Universal Periodic Review of Canada
March 29, 2023
Submission by the Canadian Coalition for the Rights of Children
Who we are:
The Canadian Coalition for the Rights of Children (CCRC) is a national umbrella group of organizations and individuals committed to the full implementation of the Convention on the Rights of the Child in Canada and globally. The CCRC has led the civil society role in each of the four reviews of Canada under the Convention on the Rights of the Child. Between reviews the CCRC continues to pursue full implementation through public awareness and public policy changes that incorporate children’s rights.
In this submission, you will find some of the issues CCRC highlighted in the 5th/6th UN Review of Canada under the Committee on the Rights of the Child, which occurred in May 2022. Our role in the lead-up to the Review was to coordinate and support civil society reports, engage in a pre-meeting with the Committee, coordinate and lead the youth engagement with government for the Review and respond to the List of Issues and the Review itself. You can find our full report here. The government of Canada received Concluding Observations in June 2022, including some urgent ones, which we highlight in this report.
The CCRC urges the government of Canada to take concrete actions to address the many ways that children’s rights continue to be neglected, especially where Indigenous and racialized children, children in poverty, and children with disabilities are concerned. Furthermore, the CCRC calls on Canada to announce, as a leader on Ending Violence Against Children, that it will take action on corporal punishment as a show of good faith to implement all the recommendations.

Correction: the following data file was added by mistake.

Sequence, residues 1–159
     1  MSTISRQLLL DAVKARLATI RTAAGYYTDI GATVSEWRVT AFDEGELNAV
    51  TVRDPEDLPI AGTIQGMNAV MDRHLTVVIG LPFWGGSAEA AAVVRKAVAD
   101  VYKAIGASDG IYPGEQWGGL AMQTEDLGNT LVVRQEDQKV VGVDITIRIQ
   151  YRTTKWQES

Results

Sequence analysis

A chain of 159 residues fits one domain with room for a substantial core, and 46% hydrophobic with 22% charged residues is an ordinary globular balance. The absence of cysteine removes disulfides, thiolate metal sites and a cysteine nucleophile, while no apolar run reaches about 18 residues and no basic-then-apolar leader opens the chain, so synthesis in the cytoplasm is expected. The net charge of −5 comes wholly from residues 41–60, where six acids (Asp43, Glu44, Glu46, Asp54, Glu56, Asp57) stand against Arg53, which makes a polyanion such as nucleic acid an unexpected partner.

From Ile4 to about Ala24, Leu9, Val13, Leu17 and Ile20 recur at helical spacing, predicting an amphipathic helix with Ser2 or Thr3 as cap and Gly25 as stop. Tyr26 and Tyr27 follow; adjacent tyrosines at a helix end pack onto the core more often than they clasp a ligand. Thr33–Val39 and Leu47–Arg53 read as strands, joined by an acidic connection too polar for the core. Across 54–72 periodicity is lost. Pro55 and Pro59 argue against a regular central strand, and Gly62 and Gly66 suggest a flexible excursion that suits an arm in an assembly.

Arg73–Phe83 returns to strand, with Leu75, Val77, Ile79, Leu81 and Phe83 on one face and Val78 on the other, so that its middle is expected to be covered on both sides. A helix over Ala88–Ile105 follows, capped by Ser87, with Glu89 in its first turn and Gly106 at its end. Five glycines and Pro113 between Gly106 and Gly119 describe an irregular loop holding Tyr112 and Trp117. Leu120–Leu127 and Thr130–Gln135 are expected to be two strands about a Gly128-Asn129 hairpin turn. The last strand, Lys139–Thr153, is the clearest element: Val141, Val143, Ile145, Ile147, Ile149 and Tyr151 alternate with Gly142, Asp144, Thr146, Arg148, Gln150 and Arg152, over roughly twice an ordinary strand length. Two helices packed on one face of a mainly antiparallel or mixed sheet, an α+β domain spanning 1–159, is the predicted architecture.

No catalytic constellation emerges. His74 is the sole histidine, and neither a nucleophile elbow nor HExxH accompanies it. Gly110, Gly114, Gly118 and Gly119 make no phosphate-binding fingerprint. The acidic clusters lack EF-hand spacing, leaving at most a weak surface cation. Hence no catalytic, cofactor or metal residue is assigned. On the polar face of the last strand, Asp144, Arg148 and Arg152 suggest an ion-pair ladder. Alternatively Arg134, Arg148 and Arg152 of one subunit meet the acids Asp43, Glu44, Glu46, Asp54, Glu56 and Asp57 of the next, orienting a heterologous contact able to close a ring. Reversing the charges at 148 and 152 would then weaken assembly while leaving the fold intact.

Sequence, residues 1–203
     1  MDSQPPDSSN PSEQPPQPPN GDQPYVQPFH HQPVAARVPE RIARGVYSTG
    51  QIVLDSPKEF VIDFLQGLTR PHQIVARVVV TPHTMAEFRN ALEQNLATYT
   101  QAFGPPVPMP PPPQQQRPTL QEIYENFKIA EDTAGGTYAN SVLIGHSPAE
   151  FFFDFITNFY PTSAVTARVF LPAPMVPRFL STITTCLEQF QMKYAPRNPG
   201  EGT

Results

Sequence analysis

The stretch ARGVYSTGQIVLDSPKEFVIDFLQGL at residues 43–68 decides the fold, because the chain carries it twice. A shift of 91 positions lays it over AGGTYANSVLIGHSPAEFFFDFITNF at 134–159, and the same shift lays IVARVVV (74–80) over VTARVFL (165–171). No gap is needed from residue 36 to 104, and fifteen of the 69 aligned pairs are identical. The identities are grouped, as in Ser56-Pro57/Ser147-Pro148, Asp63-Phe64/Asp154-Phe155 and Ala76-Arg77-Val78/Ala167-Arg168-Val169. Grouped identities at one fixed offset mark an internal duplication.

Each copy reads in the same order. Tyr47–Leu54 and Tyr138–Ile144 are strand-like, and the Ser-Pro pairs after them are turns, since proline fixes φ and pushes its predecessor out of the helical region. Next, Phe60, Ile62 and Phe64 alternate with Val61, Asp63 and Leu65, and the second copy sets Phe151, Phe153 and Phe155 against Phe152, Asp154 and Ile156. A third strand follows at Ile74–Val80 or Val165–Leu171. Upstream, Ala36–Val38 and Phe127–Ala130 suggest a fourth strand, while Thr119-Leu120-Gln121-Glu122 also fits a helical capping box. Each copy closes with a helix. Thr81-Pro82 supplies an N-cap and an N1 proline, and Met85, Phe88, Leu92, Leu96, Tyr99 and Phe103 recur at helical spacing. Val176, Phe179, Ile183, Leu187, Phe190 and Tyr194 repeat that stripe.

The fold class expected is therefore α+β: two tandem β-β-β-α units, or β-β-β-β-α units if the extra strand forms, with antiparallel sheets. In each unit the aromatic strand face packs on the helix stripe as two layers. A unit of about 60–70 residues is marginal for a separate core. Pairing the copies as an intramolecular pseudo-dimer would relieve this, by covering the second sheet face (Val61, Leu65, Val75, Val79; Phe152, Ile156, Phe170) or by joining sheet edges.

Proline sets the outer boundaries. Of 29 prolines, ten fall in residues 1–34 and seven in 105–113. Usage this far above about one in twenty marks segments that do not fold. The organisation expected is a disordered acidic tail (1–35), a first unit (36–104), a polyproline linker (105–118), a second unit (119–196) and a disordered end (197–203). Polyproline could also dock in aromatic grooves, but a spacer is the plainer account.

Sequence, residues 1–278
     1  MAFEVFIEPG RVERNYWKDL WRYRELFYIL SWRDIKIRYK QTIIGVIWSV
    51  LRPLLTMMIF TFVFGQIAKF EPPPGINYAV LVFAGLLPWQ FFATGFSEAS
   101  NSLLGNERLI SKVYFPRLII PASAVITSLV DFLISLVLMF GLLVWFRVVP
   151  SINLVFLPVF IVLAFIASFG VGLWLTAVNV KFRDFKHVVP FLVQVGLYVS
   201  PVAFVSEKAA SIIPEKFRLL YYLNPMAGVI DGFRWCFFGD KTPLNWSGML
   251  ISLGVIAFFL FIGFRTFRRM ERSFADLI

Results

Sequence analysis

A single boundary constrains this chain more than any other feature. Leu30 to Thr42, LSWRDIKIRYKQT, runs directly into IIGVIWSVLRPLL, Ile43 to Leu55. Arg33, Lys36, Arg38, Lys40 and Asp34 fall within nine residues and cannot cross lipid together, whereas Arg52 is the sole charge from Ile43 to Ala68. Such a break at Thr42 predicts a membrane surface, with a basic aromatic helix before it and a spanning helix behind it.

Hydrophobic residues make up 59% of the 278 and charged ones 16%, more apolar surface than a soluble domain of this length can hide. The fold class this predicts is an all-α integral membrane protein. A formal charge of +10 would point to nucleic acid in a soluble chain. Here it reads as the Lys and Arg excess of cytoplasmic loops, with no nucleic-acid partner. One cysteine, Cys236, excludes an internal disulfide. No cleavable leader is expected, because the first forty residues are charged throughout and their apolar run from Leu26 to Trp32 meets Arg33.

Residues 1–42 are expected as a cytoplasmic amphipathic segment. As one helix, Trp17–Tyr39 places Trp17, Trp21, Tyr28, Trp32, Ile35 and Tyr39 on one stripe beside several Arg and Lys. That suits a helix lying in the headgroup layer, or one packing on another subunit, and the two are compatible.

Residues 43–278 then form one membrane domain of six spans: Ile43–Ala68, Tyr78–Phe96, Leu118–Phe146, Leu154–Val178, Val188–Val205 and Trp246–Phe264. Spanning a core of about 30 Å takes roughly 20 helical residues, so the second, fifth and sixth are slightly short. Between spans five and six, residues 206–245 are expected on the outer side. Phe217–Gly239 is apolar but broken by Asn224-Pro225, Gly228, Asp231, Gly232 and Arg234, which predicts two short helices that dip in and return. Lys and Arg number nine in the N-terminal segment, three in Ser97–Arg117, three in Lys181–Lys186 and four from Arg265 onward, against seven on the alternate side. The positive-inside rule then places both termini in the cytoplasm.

Canada has a duty to implement the UN Convention on the Rights of the Child (CRC), hailed as one of the most important international human rights instruments that Canada has ratified in the last thirty years. Canada has failed to live up to its international obligations to children due to the lack of coherent and comprehensive policy framework in place, and the omission of children’s rights from proposed legislation and policy documents that come before cabinets and legislatures. Government departments, including child protective services, human rights commissions and school boards, often neglect to integrate children’s rights in their services and programs, resulting in uneven and deficient protection of children at many levels.
The main message from the UN Committee to Canada is that there is work to do. Canada received some urgent recommendations that align with general good human rights practices, including access to an effective complain mechanism and equitable access to services.
The Committee specifically noted that it wanted to draw the State party’s attention to the recommendations concerning the following areas, in respect of which urgent measures must be taken: independent monitoring (para. 13), non-discrimination (para. 18), the right to life, survival and development (para. 21), abuse and neglect (para. 27), children deprived of a family environment (para. 32) and standard of living (para. 39). They also noted that Canada should develop and implement a national strategy for the prevention of all forms of violence against all children, and allocate the necessary resources to this strategy and ensure that there is a monitoring mechanism.
These recommendations are in line with previous UPR recommendations to Canada. The Government of Canada accepted many of the recommendations from the 3rd Cycle of the UPR in 2018, in full, in part or in principle. However, as their response stated, the accepted recommendations were related to actions the government believes it is already implementing. There were few new actions or commitments, despite evidence of lapses in the protection of Canada’s children and clear opportunities to improve their well-being.